Image Credit: Motorcycle Clubs HQ
In the past few years, we've seen major stings that yielded charges of drug trafficking, racketeering, and contract killing for motorcycle gang members. Former ATF agent Jay Dobyns' book about infiltrating the Hells Angels, No Angel: My Harrowing Undercover Journey to the Inner Circle of the Hells Angels was published in 2009, and Dobyns was the target of harassment from clubs as recently as 2008. Outlaw motorcycle gangs are alive and well in the U.S., and the federal government continues to battle their influence.
The Warlocks have such a nasty reputation that even many of their fellow MCs won't associate with them. The gang has a history of extreme and wanton violence: They have been known to commit crimes such as assaulting rival gang leaders and indiscriminately killing police officers.
The Warlocks are very active in Pennsylvania and Florida, and if you are familiar with drug culture of either state, it won't surprise you to hear that they are big into meth. One high-level member of the gang was caught with 10 pounds of crystal the same year that four Warlocks were arrested for selling 500 pounds of crank.
2. The Highwaymen
Centralized in Detroit, the modest ranks of The Highwaymen would be no match for larger gangs like the Hells Angels or the Outlaws. But, throughout their history, the Highwaymen have brought their far share of crime to Motor City. A 2007 raid resulted in the arrest of forty Highwaymen on charges as diverse as mortgage fraud, cocaine trafficking, and murder for hire.
3. Black Pistons
Sometimes, larger gangs form "support clubs," which exist solely to take on the dirty work that even a one-percent gang won't touch. The Black Pistons are the support club for the much larger Outlaws MC. Black Pistons deal drugs and rough up enemies on behalf of the Outlaws. Support clubs often cause a lot of tension when they move into new turf; when a Black Pistons chapter moves into a new city, violent clashes with existing gangs usually come with them.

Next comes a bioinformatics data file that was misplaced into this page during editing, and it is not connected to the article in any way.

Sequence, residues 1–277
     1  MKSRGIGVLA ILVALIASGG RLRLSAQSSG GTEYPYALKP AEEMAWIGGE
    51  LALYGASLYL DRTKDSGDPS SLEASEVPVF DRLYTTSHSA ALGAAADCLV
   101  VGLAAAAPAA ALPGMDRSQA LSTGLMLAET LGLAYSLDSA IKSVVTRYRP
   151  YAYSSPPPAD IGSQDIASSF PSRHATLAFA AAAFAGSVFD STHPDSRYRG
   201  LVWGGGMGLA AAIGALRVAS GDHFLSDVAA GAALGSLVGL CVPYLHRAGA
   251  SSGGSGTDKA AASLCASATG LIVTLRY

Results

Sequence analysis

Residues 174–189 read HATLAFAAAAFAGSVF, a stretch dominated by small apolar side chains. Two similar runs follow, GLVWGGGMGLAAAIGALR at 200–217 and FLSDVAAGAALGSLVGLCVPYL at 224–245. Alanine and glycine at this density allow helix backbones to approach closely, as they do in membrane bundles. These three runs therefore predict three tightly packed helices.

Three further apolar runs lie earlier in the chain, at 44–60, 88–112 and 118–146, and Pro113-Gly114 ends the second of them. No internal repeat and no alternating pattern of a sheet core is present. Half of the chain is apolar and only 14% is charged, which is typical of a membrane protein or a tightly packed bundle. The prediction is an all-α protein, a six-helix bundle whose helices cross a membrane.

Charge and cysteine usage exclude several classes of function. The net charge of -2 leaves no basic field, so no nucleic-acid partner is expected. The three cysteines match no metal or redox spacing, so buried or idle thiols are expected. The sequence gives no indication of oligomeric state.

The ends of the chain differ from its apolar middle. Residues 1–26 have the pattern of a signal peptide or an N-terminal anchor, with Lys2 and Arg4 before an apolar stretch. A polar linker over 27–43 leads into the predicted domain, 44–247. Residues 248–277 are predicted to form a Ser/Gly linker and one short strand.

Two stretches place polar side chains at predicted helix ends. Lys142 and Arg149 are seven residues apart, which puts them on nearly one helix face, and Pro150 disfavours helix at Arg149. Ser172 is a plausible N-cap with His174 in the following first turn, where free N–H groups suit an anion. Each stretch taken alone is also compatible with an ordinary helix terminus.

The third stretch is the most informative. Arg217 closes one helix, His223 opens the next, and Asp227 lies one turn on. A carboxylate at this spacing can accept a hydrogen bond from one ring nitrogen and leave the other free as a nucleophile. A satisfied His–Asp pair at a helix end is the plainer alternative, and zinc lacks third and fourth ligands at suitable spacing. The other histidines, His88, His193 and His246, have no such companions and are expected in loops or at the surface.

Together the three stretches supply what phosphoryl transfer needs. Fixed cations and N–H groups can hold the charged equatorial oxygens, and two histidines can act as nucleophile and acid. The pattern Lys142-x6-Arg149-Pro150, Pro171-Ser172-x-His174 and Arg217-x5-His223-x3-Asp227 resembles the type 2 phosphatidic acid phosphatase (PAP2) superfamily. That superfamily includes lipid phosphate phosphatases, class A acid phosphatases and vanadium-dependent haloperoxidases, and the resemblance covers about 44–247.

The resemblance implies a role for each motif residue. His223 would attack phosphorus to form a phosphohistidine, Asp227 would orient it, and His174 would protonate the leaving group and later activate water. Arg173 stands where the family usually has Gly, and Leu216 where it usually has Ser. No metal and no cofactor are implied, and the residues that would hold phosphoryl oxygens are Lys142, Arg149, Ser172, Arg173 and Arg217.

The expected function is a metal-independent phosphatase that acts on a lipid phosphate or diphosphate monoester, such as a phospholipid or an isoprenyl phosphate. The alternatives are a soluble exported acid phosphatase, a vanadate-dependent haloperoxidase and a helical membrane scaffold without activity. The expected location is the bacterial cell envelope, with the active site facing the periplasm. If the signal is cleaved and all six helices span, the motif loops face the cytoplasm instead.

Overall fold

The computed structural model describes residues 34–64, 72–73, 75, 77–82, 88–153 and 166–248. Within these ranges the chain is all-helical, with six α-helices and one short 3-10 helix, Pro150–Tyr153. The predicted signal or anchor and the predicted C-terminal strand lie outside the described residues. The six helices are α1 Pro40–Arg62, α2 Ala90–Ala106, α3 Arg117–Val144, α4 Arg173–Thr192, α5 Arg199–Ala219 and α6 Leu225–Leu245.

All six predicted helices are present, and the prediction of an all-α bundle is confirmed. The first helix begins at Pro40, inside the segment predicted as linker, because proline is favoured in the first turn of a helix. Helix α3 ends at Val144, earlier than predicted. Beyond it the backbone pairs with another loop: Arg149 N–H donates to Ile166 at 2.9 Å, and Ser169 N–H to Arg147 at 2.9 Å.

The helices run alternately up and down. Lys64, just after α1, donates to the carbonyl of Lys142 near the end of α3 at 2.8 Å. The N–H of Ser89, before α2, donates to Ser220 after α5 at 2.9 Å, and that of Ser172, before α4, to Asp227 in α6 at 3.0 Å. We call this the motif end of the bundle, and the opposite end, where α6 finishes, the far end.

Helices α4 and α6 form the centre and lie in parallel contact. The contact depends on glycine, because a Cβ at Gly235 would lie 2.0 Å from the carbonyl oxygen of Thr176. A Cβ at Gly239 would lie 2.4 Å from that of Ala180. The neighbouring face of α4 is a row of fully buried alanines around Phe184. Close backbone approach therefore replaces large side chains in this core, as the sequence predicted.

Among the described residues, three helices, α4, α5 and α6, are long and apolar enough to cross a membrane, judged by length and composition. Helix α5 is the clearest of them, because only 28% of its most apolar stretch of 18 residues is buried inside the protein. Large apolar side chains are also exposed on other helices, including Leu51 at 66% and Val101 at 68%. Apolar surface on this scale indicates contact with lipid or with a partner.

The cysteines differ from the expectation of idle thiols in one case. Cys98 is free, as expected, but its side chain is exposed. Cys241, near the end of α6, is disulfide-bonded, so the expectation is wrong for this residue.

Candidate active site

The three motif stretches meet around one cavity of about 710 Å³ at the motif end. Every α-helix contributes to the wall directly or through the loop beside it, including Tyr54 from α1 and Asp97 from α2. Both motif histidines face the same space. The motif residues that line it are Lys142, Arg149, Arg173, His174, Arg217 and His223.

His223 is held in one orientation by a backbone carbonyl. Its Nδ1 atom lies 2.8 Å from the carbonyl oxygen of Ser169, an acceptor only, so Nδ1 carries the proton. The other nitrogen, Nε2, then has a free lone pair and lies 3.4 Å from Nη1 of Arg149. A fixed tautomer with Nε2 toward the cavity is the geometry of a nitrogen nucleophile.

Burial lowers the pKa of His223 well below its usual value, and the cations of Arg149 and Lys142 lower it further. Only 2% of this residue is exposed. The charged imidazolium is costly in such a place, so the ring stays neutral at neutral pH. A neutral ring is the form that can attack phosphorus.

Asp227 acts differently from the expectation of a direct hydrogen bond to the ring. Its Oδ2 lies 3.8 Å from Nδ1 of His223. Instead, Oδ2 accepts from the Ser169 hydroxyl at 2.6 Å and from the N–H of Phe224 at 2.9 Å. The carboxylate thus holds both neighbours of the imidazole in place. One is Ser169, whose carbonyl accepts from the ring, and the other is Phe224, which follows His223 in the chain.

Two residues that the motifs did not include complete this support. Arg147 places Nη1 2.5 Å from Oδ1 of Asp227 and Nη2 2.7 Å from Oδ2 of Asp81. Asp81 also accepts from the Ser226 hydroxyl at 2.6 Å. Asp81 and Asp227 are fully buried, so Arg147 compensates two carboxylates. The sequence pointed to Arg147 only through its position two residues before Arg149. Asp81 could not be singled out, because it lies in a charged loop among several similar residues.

Vagos MC is best known for coordinating drug smuggling operations with their Mexican chapters. Founded in the 1960s along with many of the best known one-percent gangs, Vagos has been at war on and off with the Hell's Angels since the beginning. The Vagos were involved in one of the more interesting police operations in recent MC memory. The club was accused of booby trapping police cars and gang task force buildings. Though evidence points to this being the case, Vagos sued local law enforcement for defamation and the case was settled out of court without any gang members seeing jail time.
5. Sons of Silence
This Colorado-based gang is one of the smaller on this list, with only 275 members across 30 chapters. What the gang lacks in numbers, they make up for in fire-power. A 1999 raid found that the Sons had a significant arsenal, including machine guns, pipe bombs, and grenades. The Sons of Silence need the firepower because they have been embroiled in turf wars from decades. The gang initially carved out space for themselves in Colorado, Arizona, and Kansas by taking on the Outlaws, a far larger MC. These days, the Sons are allied with the Hells Angels for safety, but that doesn't mean they can let their guard down. Their alliance with the Hells Angels makes them natural enemies with various smaller MCs. It looks like they'll always be embroiled in the same arms race.